Italians in their advance towards Trieste. The naval coalition has been
a marvel of effective organisation.

German professors have sometimes said that the land would sooner or
later beat the sea—that “Moltke” would become the victor over “Mahan.”
That is the convinced opinion of the Pan-Germans, who say that the
railway will yet prove the more rapid and the more secure means of
transport than the steamship. The lines from Antwerp by Cologne to
Vienna, and from Hamburg to Berlin, and thence through the very heart
of Europe to Vienna, and on by Belgrade and Sofia to Constantinople,
and from the opposite shore of the Bosphorus to Baghdad and down to the
Gulf, and by a branch through Persia to the confines of India, were to
give commercial and, perchance, military command of two continents.
Enterprise by the branch railway through Aleppo and Damascus against
Egypt, with a view to further developments in Africa, was related to
this conception of land-power. The measures adopted by the Allies for
the reconstitution of Serbia, the expeditions to the Dardanelles and
Salonika, the strong action taken in Greece, the naval movements on the
coast of Syria, the operations in the Sinai peninsula and Palestine,
and the expedition from the Persian Gulf to Baghdad were the answer to
these gigantesque projects of the enemy.

Behind them all lay the working of the fleets. Every class of ship and
almost every kind of vessel employed in naval warfare has been used in
one or other of these operations—the battleship, cruiser, destroyer,
torpedo-boat, submarine, mother ship, aeroplane, aircraft-carrier,
mining vessel, river gunboat, motor launch, mine-trawler, armed
auxiliary, special service vessel, transport, store ship, collier,
oiler, tank, distilling ship, ordnance vessel, hospital ship, tug,
lighter, and a crowd of other craft. All these are required for the
work of the Navy in the Mediterranean, as elsewhere, and they have been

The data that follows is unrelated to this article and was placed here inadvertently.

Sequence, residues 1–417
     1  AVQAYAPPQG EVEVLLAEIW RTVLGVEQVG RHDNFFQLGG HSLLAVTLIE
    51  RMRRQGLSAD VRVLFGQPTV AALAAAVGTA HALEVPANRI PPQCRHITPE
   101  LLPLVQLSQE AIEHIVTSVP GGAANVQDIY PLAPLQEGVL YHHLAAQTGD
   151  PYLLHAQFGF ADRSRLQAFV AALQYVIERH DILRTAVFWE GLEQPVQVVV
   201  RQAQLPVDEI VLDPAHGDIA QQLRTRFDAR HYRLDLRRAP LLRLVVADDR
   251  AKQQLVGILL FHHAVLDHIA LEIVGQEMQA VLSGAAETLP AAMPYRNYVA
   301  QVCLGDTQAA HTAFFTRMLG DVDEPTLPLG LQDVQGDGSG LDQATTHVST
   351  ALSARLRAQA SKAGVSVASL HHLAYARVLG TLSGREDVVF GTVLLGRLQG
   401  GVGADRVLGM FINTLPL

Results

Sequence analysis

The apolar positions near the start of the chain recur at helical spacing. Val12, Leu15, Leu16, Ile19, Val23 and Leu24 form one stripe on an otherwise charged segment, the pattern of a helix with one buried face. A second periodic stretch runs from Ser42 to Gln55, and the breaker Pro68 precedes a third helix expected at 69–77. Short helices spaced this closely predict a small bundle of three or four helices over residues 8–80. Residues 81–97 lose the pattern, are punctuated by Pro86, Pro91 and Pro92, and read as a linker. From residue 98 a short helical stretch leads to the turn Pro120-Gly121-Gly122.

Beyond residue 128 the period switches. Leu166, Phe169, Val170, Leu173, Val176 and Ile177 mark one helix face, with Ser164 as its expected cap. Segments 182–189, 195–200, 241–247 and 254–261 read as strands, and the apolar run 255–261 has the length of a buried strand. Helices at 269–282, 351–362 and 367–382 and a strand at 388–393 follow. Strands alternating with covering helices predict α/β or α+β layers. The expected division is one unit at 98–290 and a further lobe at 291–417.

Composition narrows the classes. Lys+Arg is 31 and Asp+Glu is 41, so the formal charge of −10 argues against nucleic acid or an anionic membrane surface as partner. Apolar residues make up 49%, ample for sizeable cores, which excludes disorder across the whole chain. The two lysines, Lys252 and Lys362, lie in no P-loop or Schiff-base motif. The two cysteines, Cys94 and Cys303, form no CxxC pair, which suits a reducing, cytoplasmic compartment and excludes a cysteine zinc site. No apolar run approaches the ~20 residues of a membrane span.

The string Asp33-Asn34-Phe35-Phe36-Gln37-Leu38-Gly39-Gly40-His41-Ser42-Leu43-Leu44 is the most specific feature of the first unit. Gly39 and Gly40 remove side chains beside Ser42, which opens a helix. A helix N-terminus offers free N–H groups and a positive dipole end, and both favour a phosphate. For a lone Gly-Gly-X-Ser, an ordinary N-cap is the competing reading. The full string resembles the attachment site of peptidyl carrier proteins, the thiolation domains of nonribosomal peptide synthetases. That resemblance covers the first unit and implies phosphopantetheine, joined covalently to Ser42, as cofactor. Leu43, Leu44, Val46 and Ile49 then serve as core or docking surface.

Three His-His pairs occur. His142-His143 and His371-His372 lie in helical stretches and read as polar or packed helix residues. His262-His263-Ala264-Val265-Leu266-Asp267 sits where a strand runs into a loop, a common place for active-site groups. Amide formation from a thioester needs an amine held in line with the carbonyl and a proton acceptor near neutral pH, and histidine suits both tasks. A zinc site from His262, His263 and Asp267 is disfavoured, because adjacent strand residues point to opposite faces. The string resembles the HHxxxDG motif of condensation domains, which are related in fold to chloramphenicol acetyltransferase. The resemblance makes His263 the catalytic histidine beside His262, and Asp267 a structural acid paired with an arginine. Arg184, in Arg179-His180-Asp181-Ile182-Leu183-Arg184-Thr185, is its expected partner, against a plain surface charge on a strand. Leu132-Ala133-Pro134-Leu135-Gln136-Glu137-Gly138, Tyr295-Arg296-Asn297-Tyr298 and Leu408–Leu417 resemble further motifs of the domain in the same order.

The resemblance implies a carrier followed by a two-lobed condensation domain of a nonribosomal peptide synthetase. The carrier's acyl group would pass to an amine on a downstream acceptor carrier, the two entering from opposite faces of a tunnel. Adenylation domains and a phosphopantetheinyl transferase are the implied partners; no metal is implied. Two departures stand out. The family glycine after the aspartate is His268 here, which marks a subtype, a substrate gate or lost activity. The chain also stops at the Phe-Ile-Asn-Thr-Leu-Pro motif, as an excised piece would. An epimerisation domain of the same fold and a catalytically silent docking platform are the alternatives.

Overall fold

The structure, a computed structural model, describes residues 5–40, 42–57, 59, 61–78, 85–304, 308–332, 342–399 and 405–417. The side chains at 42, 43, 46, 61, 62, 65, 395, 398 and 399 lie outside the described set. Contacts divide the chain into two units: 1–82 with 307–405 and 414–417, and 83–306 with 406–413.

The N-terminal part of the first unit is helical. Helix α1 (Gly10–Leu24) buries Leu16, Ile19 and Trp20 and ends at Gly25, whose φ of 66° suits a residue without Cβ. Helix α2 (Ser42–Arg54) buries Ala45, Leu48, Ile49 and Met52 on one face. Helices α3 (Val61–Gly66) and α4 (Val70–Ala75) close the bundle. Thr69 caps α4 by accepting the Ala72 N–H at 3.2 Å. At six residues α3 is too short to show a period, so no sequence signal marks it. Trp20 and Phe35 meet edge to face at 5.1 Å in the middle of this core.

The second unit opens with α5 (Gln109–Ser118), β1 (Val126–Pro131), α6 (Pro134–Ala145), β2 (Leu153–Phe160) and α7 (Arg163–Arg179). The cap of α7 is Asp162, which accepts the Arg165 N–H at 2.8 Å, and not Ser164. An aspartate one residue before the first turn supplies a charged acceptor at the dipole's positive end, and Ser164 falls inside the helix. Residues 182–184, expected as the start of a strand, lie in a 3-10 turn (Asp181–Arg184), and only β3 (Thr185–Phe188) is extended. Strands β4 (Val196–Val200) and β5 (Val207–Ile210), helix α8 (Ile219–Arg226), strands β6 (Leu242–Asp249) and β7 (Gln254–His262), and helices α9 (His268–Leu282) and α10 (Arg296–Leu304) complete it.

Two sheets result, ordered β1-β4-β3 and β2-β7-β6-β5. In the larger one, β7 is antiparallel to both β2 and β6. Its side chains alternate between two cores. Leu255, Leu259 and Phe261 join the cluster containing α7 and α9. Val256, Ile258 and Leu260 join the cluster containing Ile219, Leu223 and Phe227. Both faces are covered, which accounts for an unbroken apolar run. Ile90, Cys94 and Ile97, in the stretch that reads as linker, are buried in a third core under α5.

employed with a quality of seamanlike skill, enterprise, resource,
courage, and success such as the history of the sea has no previous
record of. The appearance at the Golden Horn of a British submarine,
which had traversed a Turkish mine-field, was the sign of new powers
in naval warfare. We are lost in admiration of the self-sacrifice
of officers and men, both of the regular naval service and of the
mercantile marine and the fisheries, the latter being the heroes of
the perilous work of mine-sweeping. The British and French navies,
and the vessel representing the Russian Navy, acted in the closest
co-operation, and all the naval forces worked in intimate association
with the armies.

Where there was failure, the failure was due to the inevitable
limitations of sea-power, which has already been suggested with
reference to the North German coast, Zeebrugge, and the Montenegrin and
Albanian coasts. The history of the Dardanelles expedition will not be
written here. Beginning with a bombardment of the entrance forts on
November 3rd, 1914, which had little other effect than to stimulate
the defence, continued after an interval of months by the great naval
attacks in March, 1915, in which enormous damage was done to the forts